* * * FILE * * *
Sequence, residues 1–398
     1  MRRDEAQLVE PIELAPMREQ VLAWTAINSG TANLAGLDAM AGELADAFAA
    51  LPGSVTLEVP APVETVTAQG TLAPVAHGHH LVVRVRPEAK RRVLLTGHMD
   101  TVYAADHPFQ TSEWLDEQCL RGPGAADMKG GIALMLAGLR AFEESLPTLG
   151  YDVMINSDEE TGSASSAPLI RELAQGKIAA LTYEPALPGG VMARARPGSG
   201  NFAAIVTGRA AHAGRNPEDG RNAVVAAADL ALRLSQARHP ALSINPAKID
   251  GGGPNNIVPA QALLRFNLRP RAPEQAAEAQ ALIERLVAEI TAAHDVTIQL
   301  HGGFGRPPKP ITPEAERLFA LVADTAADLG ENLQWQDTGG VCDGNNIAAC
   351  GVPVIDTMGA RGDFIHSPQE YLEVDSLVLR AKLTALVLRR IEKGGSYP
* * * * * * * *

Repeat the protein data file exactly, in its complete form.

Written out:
Sequence, residues 1–398
     1  MRRDEAQLVE PIELAPMREQ VLAWTAINSG TANLAGLDAM AGELADAFAA
    51  LPGSVTLEVP APVETVTAQG TLAPVAHGHH LVVRVRPEAK RRVLLTGHMD
   101  TVYAADHPFQ TSEWLDEQCL RGPGAADMKG GIALMLAGLR AFEESLPTLG
   151  YDVMINSDEE TGSASSAPLI RELAQGKIAA LTYEPALPGG VMARARPGSG
   201  NFAAIVTGRA AHAGRNPEDG RNAVVAAADL ALRLSQARHP ALSINPAKID
   251  GGGPNNIVPA QALLRFNLRP RAPEQAAEAQ ALIERLVAEI TAAHDVTIQL
   301  HGGFGRPPKP ITPEAERLFA LVADTAADLG ENLQWQDTGG VCDGNNIAAC
   351  GVPVIDTMGA RGDFIHSPQE YLEVDSLVLR AKLTALVLRR IEKGGSYP